Biodiesel gains popularity with fuel oil distributors

Aug. 1, 2007
BIOHEAT is more than the latest green word being splashed about by the fuel oil industry. Witness a morning session at the New England Fuel Institute

BIOHEAT is more than the latest “green word” being splashed about by the fuel oil industry. Witness a morning session at the New England Fuel Institute Business Conference dedicated to the subject:

“Our customers are demanding it,” said Stephan Chase of Alliance Energy, who began delivering biofuel (a mix of biodiesel and fuel oil) to customers more than four years ago.

Bob Warren of Fisher Churchill said he has formed a separate company, Mass Biofuel, to deliver the product, and plans to have all his customers switched to bioheating in 2008.

“Biodiesel will go beyond a niche fuel in the next three years,” said Paul Nazzaro of the National Biodiesel Board.

Chase, Warren, and Nazzaro were members of a panel discussing bioheat at the June 12-13 conference in Boston, Massachusetts. Others taking part included John Huber of the National Oil Heat Research Alliance, Gary Haer of the Renewable Energy Group, Tim Keaveney of Sprague Energy Corp, Elliot Quint of Global Companies LLC, Edmund Burke of Dennis K Burke Inc, Victor Turk of R W Beckett Corp, and James Townsend of Townsend Oil and Propane.

General agreement

The panel was in general agreement about the bright future for biofuels, but emphasized the importance of marketing product that meets strict specifications. “Quality, quality, quality,” was the word from Chase.

One way to improve quality is by obtaining product from producers holding a BQ-9000 certification, said Huber.

BQ-9000 is a quality assurance program that includes procedures for manufacturing fuel storage, handling, and management to ensure fuel quality throughout the distribution system. The program is designed to create a comprehensive quality system so that fuel is consistently produced in accordance with ASTM International D6751 specifications. Product testing should be a regular procedure by distributors in addition to relying on certification, members of the panel agreed.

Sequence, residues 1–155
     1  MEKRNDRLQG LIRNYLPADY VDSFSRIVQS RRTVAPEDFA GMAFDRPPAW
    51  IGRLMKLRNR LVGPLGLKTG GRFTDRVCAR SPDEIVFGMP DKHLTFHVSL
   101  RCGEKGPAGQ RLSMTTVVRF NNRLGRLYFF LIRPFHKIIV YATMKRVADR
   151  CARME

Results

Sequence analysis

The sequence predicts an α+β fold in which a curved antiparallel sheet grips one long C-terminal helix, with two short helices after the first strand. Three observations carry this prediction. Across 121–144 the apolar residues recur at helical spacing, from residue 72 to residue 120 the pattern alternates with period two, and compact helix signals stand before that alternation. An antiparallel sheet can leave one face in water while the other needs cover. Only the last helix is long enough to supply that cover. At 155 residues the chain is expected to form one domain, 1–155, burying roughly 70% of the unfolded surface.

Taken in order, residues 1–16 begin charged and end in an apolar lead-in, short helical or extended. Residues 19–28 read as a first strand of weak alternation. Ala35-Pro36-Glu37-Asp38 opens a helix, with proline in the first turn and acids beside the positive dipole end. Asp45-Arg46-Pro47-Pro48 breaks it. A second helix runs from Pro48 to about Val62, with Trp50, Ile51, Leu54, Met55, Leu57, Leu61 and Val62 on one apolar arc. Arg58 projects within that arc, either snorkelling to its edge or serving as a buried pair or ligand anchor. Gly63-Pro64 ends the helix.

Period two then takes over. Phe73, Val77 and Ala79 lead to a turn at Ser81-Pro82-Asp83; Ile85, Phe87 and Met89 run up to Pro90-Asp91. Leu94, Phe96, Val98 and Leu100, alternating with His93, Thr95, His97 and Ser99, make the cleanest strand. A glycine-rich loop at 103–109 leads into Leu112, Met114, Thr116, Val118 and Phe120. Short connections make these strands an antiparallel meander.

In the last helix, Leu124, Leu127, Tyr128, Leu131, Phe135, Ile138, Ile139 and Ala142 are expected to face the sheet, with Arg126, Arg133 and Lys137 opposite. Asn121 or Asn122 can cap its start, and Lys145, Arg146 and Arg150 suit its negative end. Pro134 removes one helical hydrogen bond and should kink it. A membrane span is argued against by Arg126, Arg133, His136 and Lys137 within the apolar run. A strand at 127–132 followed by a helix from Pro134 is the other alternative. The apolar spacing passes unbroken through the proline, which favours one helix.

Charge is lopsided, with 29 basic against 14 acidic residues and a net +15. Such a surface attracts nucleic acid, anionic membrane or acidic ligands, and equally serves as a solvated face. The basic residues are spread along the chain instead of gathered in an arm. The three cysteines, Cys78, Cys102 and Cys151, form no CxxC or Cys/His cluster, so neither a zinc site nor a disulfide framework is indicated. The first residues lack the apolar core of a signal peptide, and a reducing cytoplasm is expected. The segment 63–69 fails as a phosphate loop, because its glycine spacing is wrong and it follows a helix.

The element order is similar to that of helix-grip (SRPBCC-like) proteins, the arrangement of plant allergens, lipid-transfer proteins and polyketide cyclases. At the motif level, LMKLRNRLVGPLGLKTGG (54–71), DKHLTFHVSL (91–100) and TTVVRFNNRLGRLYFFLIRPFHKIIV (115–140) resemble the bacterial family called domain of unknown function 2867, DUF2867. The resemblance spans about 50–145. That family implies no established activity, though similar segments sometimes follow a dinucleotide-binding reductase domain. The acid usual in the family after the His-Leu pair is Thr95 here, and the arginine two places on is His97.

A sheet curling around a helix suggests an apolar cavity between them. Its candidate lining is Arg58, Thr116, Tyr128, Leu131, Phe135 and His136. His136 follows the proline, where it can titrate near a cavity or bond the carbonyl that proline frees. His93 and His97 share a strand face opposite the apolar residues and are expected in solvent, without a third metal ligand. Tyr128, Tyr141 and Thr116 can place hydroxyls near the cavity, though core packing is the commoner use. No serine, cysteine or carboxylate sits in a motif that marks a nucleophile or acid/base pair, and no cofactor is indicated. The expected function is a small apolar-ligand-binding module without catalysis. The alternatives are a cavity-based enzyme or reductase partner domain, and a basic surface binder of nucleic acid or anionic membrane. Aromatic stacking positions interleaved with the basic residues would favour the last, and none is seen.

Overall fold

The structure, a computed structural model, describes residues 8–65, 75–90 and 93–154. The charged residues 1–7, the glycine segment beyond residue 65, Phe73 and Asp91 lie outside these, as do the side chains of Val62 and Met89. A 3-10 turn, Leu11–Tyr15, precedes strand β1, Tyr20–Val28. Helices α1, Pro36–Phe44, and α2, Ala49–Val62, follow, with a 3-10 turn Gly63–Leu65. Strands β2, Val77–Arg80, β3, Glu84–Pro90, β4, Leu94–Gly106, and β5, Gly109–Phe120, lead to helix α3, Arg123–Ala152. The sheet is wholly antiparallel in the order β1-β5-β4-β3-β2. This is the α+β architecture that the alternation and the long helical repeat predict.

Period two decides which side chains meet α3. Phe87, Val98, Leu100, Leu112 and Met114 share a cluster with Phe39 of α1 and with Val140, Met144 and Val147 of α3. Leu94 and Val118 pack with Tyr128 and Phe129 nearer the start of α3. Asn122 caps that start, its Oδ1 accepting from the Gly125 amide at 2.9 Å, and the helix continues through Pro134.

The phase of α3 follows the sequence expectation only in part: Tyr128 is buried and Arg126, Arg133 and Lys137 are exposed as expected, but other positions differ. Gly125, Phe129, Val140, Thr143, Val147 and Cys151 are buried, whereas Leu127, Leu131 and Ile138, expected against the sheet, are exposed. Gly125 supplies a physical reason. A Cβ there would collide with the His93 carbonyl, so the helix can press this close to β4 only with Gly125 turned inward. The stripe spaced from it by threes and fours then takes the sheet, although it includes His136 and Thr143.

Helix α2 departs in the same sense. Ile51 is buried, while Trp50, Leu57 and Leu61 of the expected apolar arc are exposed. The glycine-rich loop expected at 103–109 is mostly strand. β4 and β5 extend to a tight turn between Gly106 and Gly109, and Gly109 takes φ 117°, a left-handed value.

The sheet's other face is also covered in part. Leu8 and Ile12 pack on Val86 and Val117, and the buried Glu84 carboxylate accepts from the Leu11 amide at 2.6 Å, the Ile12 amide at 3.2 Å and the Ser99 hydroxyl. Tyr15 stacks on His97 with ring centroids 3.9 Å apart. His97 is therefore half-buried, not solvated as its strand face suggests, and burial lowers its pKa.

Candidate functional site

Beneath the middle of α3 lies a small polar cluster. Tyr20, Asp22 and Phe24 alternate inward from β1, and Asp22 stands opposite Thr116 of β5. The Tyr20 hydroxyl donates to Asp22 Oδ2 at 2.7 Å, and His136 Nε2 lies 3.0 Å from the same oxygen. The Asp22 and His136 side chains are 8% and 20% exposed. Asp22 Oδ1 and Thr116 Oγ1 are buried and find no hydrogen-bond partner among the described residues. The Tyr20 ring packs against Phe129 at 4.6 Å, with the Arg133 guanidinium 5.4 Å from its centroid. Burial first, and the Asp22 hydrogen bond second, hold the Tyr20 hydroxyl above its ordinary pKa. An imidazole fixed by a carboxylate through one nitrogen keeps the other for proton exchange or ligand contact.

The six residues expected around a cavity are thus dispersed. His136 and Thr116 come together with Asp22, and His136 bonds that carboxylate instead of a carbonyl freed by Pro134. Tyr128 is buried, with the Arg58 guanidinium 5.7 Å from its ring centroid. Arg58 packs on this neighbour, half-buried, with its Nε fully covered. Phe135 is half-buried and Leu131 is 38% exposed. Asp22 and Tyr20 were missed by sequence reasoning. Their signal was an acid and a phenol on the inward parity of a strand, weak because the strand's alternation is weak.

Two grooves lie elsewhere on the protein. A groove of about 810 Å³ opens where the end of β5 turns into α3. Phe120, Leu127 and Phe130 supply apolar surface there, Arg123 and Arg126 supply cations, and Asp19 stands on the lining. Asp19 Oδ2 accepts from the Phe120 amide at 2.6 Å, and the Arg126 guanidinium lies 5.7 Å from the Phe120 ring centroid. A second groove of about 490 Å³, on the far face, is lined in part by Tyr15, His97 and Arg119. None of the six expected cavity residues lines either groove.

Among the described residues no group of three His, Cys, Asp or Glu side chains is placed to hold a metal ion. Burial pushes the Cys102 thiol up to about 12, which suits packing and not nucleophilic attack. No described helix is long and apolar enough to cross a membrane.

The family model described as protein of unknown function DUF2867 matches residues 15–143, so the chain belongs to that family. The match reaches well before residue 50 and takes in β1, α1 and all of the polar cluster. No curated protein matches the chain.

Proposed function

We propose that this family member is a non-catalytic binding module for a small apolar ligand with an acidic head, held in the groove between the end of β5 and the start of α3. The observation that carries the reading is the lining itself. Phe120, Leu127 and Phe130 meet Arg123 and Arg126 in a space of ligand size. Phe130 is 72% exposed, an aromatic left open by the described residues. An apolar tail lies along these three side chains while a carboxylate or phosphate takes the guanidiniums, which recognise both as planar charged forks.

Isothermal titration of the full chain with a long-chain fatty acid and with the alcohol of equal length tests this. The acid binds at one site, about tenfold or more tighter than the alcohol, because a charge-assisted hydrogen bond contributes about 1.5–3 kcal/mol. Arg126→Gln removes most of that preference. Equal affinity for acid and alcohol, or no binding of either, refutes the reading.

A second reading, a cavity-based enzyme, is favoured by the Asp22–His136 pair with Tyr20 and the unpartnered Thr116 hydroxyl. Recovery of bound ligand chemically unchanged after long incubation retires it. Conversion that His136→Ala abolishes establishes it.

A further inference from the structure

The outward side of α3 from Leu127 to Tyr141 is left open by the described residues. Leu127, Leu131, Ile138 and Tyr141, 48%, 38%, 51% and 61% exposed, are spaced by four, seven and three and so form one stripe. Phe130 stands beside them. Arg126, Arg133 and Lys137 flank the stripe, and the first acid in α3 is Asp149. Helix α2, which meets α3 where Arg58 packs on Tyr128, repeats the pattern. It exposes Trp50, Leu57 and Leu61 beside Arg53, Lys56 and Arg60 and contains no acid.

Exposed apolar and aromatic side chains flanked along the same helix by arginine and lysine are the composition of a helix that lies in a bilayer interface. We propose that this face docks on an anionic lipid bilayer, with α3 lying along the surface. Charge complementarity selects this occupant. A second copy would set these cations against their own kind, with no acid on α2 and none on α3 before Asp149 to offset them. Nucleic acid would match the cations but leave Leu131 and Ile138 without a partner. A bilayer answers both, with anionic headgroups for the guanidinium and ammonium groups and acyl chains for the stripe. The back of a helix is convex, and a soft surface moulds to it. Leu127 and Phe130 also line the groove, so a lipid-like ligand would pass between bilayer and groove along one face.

The product delivered to customers to fuel their heating systems is a blend of biodiesel with petroleum distillate, which can include heating oil and on-road diesel. Today, the majority of biodiesel is soy-based, but many other feedstocks are being considered. Fuel oil distributors typically use a blend of about 3% to 6% (B3-B6). The fuel may be blended by terminals or by distributors who have their own biodiesel supply.

The higher the percentage of biodiesel, the greater the problem of jelling at low temperatures. However, the 3% to 10% blends appear to avoid that tendency, Chase said of his experience.

Concerns were voiced by some on the panel and members of the audience about the ability of suppliers to provide enough product to meet market demand. Keaveney and Quint said they believed their terminals would be able to supply quantities needed. Keaveney pointed out that federal incentives are in place to encourage terminals to get on board.

Special handling

However, Quint noted that biofuels require terminals to make new investments in tankage. At the same time, product blending at the terminal will entail special handling to ensure quality standards are met. Keaveney added that the product supply has to be near the distributor in order for it to be cost effective.

“It's clear that we need to do some homework,” Turk, who has been working with ASTM and Universal Laboratories (UL) on biofuel standards, said. He advised biodiesel/fuel oil handlers to check storage tanks for sludge and water, and minimize contact with yellow metals, such as brass, bronze, and copper.

Burke advised distributors to consult their insurance agents for coverage information related to biodiesel handling. He noted that testing laboratories are available to examine product purity. “Just be careful,” he added, pointing out that the various blend percentages require specific handling measures.

Market value

As for the market, Haer said that in the last few months biodiesel feedstock value has been linked to petroleum products. But, he added, biodiesel prices can be hedged.

Quint predicted that the biodiesel price will be as volatile as that of petroleum products. In addition, supply is likely to be influenced by climate changes, such as droughts that damage agriculture crops used for biofuel feedstock.

Despite the downsides, panel members predicted biodiesel will become a viable fuel for fuel oil dealers and offers a means for enhancing customer relations because of the environmental pluses. Biodiesel blended with fuel oil gives fuel oil dealers an advantage in competing with natural gas as a clean product, Quint said.

There is more information available about biofuels on the Bulk Transporter Web site at, as well as the Web sites of the National Biodiesel Board (, National Oilheat Research Alliance (, and ASTM International (